• Fifth, low dose aspirin (75 to 100 milligrams daily) should be used. Most convenient and readily available dose in the United States is 81 milligrams daily.
  • And finally, this recommendations applies to adults at increased risk for primary cardiovascular disease (not secondary prevention), and those at average risk for colorectal cancer (i.e., no family history or personal history of colorectal cancer or familial adenomatous polyposis.)

The implementation of these recommendations is not straightforward, and requires an assessment by the physician of a patient’s risk for cardiovascular event in the next 10 years, their life expectancy, risk of gastrointestinal hemorrhage and adherence to aspirin for 10 years.

In current practice, 40 percent of patients over the age of 50 report taking aspirin for primary or secondary prevention of cardiovascular disease. Data from the CDC’s National Health and Nutrition Examination Survey suggests that among those eligible, 41 percent were taking the aspirin due to their doctor’s recommendation.

These new USPSTF recommendations underscore the importance of accurate patient assessment and well informed, shared decision making.

What do these recommendations mean for the gastroenterologist?

We are in the best position to assess a patient’s risk of colorectal cancer and gastrointestinal hemorrhage. It is important for GI physicians to understand these recommendations and especially their nuances, to apply them to our patients, and to help our primary care colleagues balance the benefit of aspirin for colorectal cancer prevention with the risk of GI hemorrhage.

Modelling Study Informs USPSTF Recommendations

The authors also performed a modelling study to inform these recommendations. To put the recommendations in context of numbers, if 1000 men between 50 and 59 years of age with a cardiovascular disease risk of 10 percent over the next 10 years took low-dose aspirin daily for the rest of their lives, there would be 22 non-fatal heart attacks and 14 new colon cancer cases prevented, but 28 individuals would have a serious GI bleeding event over a lifetime.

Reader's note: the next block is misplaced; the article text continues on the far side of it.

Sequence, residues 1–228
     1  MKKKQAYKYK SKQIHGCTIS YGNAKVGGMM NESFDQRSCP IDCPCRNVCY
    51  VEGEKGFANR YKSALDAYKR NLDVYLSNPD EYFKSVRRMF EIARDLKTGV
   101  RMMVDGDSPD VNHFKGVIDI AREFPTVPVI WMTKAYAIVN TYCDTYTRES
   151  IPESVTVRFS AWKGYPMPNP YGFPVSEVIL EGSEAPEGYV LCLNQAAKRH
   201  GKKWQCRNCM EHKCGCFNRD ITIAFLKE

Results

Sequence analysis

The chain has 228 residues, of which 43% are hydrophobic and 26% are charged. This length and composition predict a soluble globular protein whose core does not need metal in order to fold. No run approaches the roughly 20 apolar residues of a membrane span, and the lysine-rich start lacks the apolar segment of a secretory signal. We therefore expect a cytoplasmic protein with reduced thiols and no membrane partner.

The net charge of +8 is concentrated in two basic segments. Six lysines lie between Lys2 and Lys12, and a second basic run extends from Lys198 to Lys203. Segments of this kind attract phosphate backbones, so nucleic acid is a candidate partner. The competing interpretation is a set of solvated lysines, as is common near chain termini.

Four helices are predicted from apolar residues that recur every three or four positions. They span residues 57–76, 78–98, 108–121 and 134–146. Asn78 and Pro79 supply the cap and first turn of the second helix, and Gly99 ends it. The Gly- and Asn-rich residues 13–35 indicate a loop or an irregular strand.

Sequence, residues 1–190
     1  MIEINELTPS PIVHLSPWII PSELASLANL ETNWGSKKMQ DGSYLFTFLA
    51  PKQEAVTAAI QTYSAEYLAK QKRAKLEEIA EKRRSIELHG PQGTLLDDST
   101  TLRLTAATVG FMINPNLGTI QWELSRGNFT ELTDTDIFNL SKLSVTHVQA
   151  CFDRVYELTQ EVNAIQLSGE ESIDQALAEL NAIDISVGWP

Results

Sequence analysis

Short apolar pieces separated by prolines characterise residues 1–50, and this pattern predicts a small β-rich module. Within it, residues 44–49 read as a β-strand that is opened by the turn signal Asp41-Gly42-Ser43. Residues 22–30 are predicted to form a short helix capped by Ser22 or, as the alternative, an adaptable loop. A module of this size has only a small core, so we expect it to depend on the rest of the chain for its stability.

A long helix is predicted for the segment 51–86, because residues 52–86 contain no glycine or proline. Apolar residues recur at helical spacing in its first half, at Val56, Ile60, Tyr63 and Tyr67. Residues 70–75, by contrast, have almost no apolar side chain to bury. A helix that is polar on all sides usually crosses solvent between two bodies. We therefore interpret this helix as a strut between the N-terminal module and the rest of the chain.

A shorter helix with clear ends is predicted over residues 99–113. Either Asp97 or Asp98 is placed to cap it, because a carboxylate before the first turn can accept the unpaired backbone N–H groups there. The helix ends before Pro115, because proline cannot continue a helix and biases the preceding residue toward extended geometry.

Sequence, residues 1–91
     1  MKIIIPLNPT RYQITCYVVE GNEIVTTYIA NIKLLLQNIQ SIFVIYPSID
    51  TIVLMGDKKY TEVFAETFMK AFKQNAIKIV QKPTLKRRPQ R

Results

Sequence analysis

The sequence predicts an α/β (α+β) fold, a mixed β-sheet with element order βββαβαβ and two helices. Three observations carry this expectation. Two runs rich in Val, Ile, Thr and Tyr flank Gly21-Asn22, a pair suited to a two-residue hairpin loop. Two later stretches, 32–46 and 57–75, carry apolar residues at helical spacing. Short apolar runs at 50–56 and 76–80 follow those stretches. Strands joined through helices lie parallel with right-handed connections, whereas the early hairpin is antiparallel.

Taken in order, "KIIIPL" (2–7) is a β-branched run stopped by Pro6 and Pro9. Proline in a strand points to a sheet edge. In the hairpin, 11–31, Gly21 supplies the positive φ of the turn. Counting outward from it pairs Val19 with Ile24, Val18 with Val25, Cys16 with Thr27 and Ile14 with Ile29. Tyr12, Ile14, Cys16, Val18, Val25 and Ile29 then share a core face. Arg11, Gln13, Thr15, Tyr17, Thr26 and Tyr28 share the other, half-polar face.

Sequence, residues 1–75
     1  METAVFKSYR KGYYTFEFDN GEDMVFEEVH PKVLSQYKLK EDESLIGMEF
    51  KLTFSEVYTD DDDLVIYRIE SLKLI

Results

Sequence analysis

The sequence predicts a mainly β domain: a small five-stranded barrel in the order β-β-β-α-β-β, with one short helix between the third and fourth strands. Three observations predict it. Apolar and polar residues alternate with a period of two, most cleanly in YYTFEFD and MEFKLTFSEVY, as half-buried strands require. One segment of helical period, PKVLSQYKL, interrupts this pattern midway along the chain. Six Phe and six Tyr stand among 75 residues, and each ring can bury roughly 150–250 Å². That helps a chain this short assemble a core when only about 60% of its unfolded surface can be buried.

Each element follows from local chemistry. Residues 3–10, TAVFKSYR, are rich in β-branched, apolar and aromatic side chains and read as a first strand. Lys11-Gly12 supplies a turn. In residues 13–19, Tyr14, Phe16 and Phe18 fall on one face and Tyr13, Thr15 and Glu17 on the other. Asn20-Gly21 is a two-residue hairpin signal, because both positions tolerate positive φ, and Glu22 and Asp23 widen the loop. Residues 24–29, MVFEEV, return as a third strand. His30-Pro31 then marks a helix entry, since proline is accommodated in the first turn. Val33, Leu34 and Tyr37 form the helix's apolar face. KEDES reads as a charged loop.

Putting these disparate health outcomes together into quality-adjusted life years, or QALYs, there would be a net gain of 58 QALYs for men. For women, the net gain in QALYs is 62. A QALY is a metric that assesses quality and quantity of additional life lived, and equates to number of years of perfect health gained.

If 1000 men between 60 and 69 years of age with a 10 percent risk of cardiovascular disease over 10 years take aspirin for life, there would be 16 non-fatal heart attacks prevented, 11 cases of colon cancer prevented, but 31 additional serious GI hemorrhage events caused. The QALYs gained is 18 for men, and 28 for women — a much smaller benefit than for younger individuals. This is because in this age group the life expectancy is shorter, there is higher risk of GI hemorrhage, and the benefit in colon cancer prevention is smaller due to the long latent period (10 to 20 years) required to see a benefit in colon cancer reduction with aspirin use.

Read the College’s Media Statement